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Case Number 26977

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House of Lies: The Second Season

Showtime Entertainment // 2013 // 340 Minutes // Not Rated
Reviewed by Judge David Johnson // February 15th, 2014

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All Rise...

Judge David Johnson lies in his house.

Editor's Note

Our reviews of House of Lies: The Third Season (published January 27th, 2015), House of Lies: The Fourth Season (published April 16th, 2016), and House of Lies: The First Season (published January 9th, 2013) are also available.

The Charge

Pants on fire.

Opening Statement

This stylish, sultry corporate comedy returns for a follow-up to an underwhelming first season. Does the sophomore effort raise its game?

Facts of the Case

Marty Kaan (Don Cheadle, Iron Man 2) is still the man. As one of the most ruthless and sought-after management consultants, he's smack in the middle of some of the biggest deals, making bank and banging hotties. His latest venture gets him in the casino business, and in it he sees a potential career-altering strategy.

Meanwhile, his colleagues are tackling their own life-changing issues: Jeannie (Kristen Bell, Veronica Mars) is dealing with a tumultuous love life; Clyde (Ben Schwartz) confronts the human consequences of his money-grubbing; and Doug (Josh Lawson) meets his dream girl.

The Evidence

I think this show is pretty brutal, but I'd be a hypocrite if I said I hated watching it. It manages to keep my attention throughout, even though I did sort of hate myself for it. Well, that might be overstating things a bit; House of Lies isn't garbage mechanically. The production is stylish, the actors are top-shelf and you can tell there was through put into the writing and plotting.

Where the series faltered was two-fold: 1) it wasn't funny and 2) there wasn't a likable character within eyesight. That's a tough summit to crest if you want to deliver a respectable thirty minutes of small-screen entertainment. The first season? Total failure in both respects. The second season? Total failure in both respects.

Calling House of Lies a "comedy" is employing the word far too liberally than it was designed. There are smarmy elements, but this show is more soap than anything. So, you know, I'll let complaint number one slide. The show is not funny; but I'm not entirely sure that's the point.

The characters? Yeah, I'd assume the writers did want us to give half a crap about their lot in life. If that's the point, then the scope of the show's failure is staggering. Not a single one these stiffs bring anything worthwhile to the table:

This season, Marty looks at leveraging his infamy into a new professional venture while also dealing with his son Roscoe and his suddenly freeloading younger brother. He's smart and cunning, but pretty far up his own tailpipe and can't stop turning to the camera and breaking the fourth wall. I feel this irritating trope was dialed down from the last season, but it happens enough to remind you that the leading man is a dink.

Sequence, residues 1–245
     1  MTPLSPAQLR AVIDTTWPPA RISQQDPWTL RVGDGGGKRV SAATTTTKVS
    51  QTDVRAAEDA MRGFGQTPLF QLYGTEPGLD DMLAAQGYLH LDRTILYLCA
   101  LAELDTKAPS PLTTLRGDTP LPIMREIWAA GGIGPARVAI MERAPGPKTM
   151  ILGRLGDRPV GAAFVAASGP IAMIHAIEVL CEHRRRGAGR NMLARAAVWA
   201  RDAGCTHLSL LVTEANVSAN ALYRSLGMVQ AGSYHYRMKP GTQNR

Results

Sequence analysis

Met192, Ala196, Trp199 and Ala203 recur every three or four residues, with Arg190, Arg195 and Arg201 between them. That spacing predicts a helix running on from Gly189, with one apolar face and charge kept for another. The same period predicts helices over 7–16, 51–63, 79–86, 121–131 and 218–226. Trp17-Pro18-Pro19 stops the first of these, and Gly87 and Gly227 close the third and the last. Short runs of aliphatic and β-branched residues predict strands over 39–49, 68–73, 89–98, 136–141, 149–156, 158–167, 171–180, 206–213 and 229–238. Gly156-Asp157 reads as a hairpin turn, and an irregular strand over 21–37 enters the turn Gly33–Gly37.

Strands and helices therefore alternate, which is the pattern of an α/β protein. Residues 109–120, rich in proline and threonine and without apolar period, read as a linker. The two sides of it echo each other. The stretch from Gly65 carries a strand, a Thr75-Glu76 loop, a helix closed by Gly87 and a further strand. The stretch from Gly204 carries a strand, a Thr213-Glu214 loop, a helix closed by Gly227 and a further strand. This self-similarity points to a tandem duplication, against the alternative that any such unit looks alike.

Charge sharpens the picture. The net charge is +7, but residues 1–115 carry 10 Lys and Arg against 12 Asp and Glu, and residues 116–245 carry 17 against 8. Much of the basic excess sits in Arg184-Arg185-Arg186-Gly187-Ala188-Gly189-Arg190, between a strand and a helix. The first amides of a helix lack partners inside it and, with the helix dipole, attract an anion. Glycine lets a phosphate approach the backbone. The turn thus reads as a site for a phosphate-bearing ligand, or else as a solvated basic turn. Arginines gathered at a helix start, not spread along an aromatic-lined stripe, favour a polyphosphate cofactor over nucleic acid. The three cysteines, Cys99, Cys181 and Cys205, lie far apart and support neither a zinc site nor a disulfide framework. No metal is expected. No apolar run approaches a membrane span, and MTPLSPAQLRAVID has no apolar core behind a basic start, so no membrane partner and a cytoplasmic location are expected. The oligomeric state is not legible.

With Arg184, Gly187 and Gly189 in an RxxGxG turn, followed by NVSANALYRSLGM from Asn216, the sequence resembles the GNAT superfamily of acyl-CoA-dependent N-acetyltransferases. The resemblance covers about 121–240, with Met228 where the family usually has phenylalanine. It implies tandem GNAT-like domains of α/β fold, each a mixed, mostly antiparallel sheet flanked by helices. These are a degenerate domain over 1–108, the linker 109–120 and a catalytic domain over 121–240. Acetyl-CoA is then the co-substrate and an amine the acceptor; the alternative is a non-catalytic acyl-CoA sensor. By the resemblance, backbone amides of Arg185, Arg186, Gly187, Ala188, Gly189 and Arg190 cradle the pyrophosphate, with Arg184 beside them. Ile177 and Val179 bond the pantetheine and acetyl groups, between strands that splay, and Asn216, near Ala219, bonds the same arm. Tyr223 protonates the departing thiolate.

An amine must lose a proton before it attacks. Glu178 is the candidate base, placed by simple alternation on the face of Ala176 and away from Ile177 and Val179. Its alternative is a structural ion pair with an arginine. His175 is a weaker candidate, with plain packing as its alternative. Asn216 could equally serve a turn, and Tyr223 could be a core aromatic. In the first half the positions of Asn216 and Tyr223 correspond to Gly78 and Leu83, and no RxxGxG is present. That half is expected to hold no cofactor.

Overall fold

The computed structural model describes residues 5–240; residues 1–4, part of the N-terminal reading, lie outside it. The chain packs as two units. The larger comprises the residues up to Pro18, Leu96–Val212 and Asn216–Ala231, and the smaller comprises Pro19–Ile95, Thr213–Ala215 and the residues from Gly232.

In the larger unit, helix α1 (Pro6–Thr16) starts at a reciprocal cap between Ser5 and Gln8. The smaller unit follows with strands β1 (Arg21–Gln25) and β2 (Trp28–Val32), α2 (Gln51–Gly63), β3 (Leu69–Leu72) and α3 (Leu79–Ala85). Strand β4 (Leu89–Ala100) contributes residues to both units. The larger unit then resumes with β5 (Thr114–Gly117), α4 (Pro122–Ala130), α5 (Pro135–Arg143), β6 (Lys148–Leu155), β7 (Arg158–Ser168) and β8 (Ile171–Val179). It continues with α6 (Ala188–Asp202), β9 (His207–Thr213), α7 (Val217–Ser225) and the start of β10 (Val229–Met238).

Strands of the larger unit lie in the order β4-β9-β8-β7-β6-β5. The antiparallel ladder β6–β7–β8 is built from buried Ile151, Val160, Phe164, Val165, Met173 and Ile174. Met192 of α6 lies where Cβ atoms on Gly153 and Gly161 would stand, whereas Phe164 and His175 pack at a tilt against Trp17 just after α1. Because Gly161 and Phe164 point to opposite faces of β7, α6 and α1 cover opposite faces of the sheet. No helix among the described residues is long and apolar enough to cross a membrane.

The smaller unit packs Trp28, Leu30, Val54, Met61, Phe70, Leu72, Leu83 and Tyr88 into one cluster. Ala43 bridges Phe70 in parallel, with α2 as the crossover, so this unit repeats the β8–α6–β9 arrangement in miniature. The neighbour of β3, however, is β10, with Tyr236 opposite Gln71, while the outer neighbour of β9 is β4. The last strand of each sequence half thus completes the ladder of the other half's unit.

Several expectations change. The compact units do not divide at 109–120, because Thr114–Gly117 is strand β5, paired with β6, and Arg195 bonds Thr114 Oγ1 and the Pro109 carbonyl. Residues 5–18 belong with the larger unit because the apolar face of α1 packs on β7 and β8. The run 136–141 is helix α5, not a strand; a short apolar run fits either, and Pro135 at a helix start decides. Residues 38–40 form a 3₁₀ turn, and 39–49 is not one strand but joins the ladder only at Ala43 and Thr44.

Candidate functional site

She's supposedly the firm's greatest high-riser, but all Jeannie does this season is attempt to fight through a drunken haze to figure out if she banged Marty at the end of last season. Also, she starts dating a sex toy manufacturer. Frankly, the great Kristen Bell is utterly wasted here. Any of her innate charm is stamped out thanks to the ham-fisted writing. She's also supposed to be this genius consultant, but I can't recall anything she did that was particularly clever.

In Parks and Recreation, Ben Schwartz plays Jean-Ralphio, an oblivious douchebag. In House of Lies, Ben Schwartz plays Clyde, an oblivious douchebag. But where the former is awesome and hilarious because he's an over-the-top parody, the latter is terrible because he's just as douchey, but straight. It's actually pretty remarkable: Schwartz is essentially playing the same character; one just might be the funniest creation on TV and the other the most annoying. We're talking a matter of degrees here, people.

Doug is a not a real person. He makes no decision a functioning human would make, much less a professional consultant.

Actually, none of these detestable morons are real. And when the writers hint at putting them into positions where their smallness is revealed (Jeannie's blind date, Clyde tying a man's death to a deal eh worked), the repercussions are glossed over and it's back to partying and pimping. Are we supposed to be pulling for these ass-clowns?

Twelve episodes, two discs, 1.78:1 anamorphic widescreen, Dolby Digital 5.1 and cast commentaries on two episodes.

Closing Statement

Perhaps we are supposed to live vicariously through these people? I'd rather live vicariously through a gerbil being digested by a python.

The Verdict

You're fired.

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Scales of Justice

Video: 90
Audio: 90
Extras: 70
Acting: 75
Story: 60
Judgment: 62

Perp Profile

Studio: Showtime Entertainment
Video Formats:
• 1.78:1 Anamorphic
Audio Formats:
• Dolby Digital 5.1 Surround (English)
• Dolby Digital 2.0 Stereo (English)
• Dolby Digital 2.0 Stereo (Spanish)
• English
Running Time: 340 Minutes
Release Year: 2013
MPAA Rating: Not Rated
• Comedy
• Drama
• Television

Distinguishing Marks

• Commentaries


• IMDb

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